Human immunodeficiency virus (HIV) is genetically extremely variable due to the poor proof reading activity of its reverse transcriptase enzyme. Human immunodeficiency virus isolates are highly variable over time, and exhibit changes in biological phenotype during the course of infection. Different HIV variants exist in different tissues, cells and secretions; including genital secretions and cells of human males and females. Virus present in the urogenital cells and secretions determines the risk for sexual transmission of HIV. The precise association of viral variants from genital secretions and cells in the sexual transmission of HIV to the partner is not fully understood. The presence of viral variants may influence affinity to different host cell receptors which may affect the transmission, infectivity, cellular immunity and pathogenesis of HIV. Delineation of the role of host and pathogenic variation will lead to a better understanding of the process of sexual transmission of HIV. Furthermore, it will also help in designing the strategies for development of preventive or therapeutics vaccines and microbicides for control and management of HIV/AIDS.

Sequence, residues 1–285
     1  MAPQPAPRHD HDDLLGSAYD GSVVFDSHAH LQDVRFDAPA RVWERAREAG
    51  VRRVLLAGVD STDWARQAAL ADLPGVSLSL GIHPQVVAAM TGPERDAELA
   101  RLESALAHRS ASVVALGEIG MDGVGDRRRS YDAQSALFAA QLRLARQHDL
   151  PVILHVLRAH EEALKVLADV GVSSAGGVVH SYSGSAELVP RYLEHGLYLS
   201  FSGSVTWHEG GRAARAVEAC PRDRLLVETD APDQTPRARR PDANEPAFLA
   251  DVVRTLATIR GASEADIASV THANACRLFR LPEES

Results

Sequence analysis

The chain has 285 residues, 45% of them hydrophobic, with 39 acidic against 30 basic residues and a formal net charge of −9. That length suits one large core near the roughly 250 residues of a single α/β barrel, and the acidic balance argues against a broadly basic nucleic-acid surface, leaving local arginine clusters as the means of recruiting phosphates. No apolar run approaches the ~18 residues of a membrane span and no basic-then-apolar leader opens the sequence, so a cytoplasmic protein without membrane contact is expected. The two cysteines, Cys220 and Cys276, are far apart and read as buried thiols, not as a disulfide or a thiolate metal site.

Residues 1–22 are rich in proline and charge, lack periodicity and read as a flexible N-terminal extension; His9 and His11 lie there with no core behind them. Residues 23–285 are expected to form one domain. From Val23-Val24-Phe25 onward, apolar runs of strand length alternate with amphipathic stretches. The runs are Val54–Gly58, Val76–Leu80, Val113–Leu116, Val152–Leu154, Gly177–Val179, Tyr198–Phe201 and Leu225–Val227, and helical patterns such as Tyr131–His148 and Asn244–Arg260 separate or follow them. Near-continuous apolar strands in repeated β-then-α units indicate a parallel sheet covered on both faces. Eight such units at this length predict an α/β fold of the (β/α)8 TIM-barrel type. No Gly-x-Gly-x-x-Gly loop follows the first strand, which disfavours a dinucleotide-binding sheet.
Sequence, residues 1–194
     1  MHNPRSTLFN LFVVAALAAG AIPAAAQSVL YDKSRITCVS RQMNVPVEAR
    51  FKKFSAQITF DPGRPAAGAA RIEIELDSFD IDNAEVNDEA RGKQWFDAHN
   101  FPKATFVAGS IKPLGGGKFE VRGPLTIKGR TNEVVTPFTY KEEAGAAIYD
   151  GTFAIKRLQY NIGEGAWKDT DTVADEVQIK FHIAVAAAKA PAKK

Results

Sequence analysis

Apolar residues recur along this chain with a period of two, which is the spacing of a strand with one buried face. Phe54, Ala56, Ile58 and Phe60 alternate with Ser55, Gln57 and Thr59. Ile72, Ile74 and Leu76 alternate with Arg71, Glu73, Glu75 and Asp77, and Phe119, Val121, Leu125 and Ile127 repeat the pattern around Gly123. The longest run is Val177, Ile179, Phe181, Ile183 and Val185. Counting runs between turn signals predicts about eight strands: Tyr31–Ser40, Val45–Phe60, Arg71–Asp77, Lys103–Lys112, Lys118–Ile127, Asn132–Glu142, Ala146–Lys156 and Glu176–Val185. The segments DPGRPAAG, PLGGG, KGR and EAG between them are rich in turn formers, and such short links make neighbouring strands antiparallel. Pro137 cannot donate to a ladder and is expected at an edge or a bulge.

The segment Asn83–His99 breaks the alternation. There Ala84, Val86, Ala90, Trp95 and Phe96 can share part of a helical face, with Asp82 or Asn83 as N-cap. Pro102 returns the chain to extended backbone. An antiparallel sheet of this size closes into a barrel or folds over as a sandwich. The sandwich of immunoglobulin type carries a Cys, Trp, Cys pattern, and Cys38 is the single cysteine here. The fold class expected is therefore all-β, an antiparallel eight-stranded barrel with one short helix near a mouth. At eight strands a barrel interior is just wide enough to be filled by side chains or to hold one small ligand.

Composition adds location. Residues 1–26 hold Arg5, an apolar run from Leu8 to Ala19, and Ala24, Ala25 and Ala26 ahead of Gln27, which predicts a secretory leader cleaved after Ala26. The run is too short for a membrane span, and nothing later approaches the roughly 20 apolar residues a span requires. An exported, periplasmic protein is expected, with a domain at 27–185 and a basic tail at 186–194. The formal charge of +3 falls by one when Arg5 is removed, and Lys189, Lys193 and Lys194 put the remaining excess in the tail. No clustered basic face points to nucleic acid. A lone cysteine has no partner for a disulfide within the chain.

Keywords: HIV, Host factors, Pathogenesis, Sexual transmission, Viral variants.

How to cite this article: Ajbani SP, Bandivdekar AH. Asso ciation of Host and Pathogenic Variation with Sexual Transmission of HIV. MGM J Med Sci 2015;2(2):90-97.

Source of support: Nil

Conflict of interest: None